How the Jumping Spider Sees Its Prey
November 6, 2018 10:28 AM   Subscribe

Researchers looked deep into the eyes of a predatory spider to learn what it was looking at. "But as accurate as the main eyes are, they only see what is in front of them. If they had to find prey, it would be like using a narrow flashlight beam to explore a dark room. Not very efficient."
posted by dhruva (34 comments total) 30 users marked this as a favorite
 
Oooh, my favourite kind of spider!!!
posted by Pendragon at 10:34 AM on November 6 [3 favorites]


It was nice of them to note that the spiders aren't harmed, I was worried.
posted by Pendragon at 10:36 AM on November 6 [15 favorites]


The story has a buried lede: SPIDER HATS.

The researchers were able to conduct the experiment without harming the spiders. They affixed a Dr. Seuss style hat to the top of the spiders’ heads with wax, and that hat was attached to an apparatus to keep them in one place.
posted by mandolin conspiracy at 10:41 AM on November 6 [17 favorites]


I'll take "Arachnid Haberdashery" for $500, Alex.
posted by mandolin conspiracy at 10:42 AM on November 6 [10 favorites]




Wow. Evolution has solved "how do I make this creature see" in a whole lot of different ways over the eons, but damn, that's a cool way to do it.
posted by Making You Bored For Science at 10:47 AM on November 6 [2 favorites]


I collaborated with this group in Umass and have used this equipment, so if anybody needs details, I can explain
posted by dhruva at 10:50 AM on November 6 [20 favorites]


I collaborated with this group in Umass and have used this equipment, so if anybody needs details, I can explain

*pulls up a chair*

Go for it!
posted by mandolin conspiracy at 10:55 AM on November 6 [6 favorites]


If you like jumping spiders, I can highly recommend the book Children of Time by Adrian Tchaikovsky, which has a lot of spider POV time.
posted by foxfirefey at 10:56 AM on November 6


Please do, dhruva! I do eyetracking research in humans, and have bumped into it in mammalian models, but spider eyetracking is way outside my own research wheelhouse, and is deeply cool.
posted by Making You Bored For Science at 10:57 AM on November 6 [5 favorites]


They affixed a Dr. Seuss style hat
I thought the news that the Deadwood movie has started shooting was going to be the most delightful thing I read today, but I was wrong.
posted by ricochet biscuit at 11:05 AM on November 6




A year or so ago, some astronomers on Twitter were complaining about a spider infestation in their office. This led to experiments with laser pointers, which led to talking to a spider research lab, which led to two fun facts about spider vision:
Jumping spiders can resolve the moon, and maybe even some craters
and
Ogre-faced spiders can observe the Andromeda galaxy.
posted by miguelcervantes at 11:31 AM on November 6 [10 favorites]


It was nice of them to note that the spiders aren't harmed

I'm sure she wasn't unnecessarily mean to the spiders, but she did stick big gobs of orange paint in their eyes (1:24).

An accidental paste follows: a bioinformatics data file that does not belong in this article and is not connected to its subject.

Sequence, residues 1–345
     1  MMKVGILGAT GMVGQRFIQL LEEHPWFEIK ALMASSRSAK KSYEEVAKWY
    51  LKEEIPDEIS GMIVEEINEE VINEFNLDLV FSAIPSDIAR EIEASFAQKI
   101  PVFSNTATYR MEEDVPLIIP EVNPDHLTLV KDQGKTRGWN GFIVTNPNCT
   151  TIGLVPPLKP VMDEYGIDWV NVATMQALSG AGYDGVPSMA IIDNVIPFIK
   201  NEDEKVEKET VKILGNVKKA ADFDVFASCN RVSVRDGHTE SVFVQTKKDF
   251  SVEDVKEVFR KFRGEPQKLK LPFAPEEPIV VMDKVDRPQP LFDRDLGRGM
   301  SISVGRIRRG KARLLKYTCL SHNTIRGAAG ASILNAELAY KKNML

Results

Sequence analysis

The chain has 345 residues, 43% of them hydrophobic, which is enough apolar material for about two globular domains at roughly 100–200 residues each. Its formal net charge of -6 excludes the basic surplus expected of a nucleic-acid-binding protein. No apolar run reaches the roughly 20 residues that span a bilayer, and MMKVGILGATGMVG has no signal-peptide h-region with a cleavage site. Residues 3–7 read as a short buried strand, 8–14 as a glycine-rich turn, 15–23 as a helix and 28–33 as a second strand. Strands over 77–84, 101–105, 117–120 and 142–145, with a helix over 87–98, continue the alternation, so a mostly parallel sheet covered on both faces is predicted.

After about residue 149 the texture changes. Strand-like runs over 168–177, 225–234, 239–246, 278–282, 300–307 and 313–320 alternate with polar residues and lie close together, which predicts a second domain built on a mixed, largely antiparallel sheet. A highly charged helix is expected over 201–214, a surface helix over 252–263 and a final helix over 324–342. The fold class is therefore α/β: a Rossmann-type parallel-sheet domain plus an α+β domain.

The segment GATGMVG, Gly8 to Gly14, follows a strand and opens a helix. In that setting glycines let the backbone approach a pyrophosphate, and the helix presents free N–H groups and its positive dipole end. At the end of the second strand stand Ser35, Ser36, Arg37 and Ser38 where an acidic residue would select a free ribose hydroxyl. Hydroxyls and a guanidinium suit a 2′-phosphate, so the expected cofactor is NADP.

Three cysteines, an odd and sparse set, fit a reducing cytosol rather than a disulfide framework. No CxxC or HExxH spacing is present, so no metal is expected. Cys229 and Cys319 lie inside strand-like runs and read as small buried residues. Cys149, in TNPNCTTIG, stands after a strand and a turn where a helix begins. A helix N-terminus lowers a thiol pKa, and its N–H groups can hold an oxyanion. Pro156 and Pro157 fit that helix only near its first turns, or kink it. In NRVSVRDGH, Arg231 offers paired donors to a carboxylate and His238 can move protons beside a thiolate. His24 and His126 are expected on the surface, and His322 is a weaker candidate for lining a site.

posted by pracowity at 11:36 AM on November 6 [2 favorites]


I hope that was removable paint, pracowity.
posted by Pendragon at 12:10 PM on November 6


Yep that was removable paint, it just flakes off
posted by dhruva at 12:16 PM on November 6 [5 favorites]


How old can these spiders get in the wild and do the spiders used in this experiment reach that age ?
posted by Pendragon at 12:20 PM on November 6 [1 favorite]


So the outer eyes are kind of like wide-angle and the inner eyes are telephoto?
posted by RobotHero at 12:21 PM on November 6


Pendragon: How old can these spiders get in the wild and do the spiders used in this experiment reach that age ?

They live around six months, generally they live longer in the lab because usually they die off during the winter

So the outer eyes are kind of like wide-angle and the inner eyes are telephoto?

Exactly, but really wide angle. See this figure for an illustration of fields of view. Inner eyes have colour vision as well.
posted by dhruva at 1:34 PM on November 6 [6 favorites]


I work on predator prey interactions, and in particular between tephritid flies and jumping spiders. So these flies do an elaborate wing display (something like this )in front of the spider, and if they do this display there's a 80% chance they escape attack. I've been trying to figure out why this works, and why this display works only on jumping spiders. So I took videos of the flies displaying and ran them through the eyetracker at UMass, and it seems that when the fly does a display, the spider has a harder time tracking the fly, whereas if it sees a fly walking the tracking is more accurate. Basically till now, people have assumed that the display works because the fly wings can mimic jumping spider leg patterns, but I'm working on the theory that it's a sensory bias in the spiders because they are very sensitive to motion.
posted by dhruva at 1:41 PM on November 6 [15 favorites]


I'm sure she wasn't unnecessarily mean to the spiders, but she did stick big gobs of orange paint in their eyes (1:24).

This was what my undergraduate work was like, come to think of it--I was working on fly courtship, but there really isn't another good way to blind small arthropods besides paint.